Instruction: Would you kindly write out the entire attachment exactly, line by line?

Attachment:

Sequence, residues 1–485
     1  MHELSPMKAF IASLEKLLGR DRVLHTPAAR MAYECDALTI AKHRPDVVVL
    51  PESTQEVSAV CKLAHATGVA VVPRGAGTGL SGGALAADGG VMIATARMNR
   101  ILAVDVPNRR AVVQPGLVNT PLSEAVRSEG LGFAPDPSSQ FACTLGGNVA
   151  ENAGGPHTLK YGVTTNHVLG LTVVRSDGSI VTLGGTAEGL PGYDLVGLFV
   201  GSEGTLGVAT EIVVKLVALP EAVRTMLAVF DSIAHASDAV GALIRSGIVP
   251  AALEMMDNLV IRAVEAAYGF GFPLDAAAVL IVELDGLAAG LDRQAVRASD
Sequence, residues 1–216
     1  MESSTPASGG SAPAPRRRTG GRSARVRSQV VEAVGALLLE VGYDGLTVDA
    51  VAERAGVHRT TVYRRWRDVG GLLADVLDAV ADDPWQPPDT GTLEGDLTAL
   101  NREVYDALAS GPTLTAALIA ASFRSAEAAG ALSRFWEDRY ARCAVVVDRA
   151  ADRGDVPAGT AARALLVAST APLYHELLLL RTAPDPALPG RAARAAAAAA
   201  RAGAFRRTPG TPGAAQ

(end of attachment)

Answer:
Sequence, residues 1–485
     1  MHELSPMKAF IASLEKLLGR DRVLHTPAAR MAYECDALTI AKHRPDVVVL
    51  PESTQEVSAV CKLAHATGVA VVPRGAGTGL SGGALAADGG VMIATARMNR
   101  ILAVDVPNRR AVVQPGLVNT PLSEAVRSEG LGFAPDPSSQ FACTLGGNVA
   151  ENAGGPHTLK YGVTTNHVLG LTVVRSDGSI VTLGGTAEGL PGYDLVGLFV
   201  GSEGTLGVAT EIVVKLVALP EAVRTMLAVF DSIAHASDAV GALIRSGIVP
   251  AALEMMDNLV IRAVEAAYGF GFPLDAAAVL IVELDGLAAG LDRQAVRASD
Sequence, residues 1–216
     1  MESSTPASGG SAPAPRRRTG GRSARVRSQV VEAVGALLLE VGYDGLTVDA
    51  VAERAGVHRT TVYRRWRDVG GLLADVLDAV ADDPWQPPDT GTLEGDLTAL
   101  NREVYDALAS GPTLTAALIA ASFRSAEAAG ALSRFWEDRY ARCAVVVDRA
   151  ADRGDVPAGT AARALLVAST APLYHELLLL RTAPDPALPG RAARAAAAAA
   201  RAGAFRRTPG TPGAAQ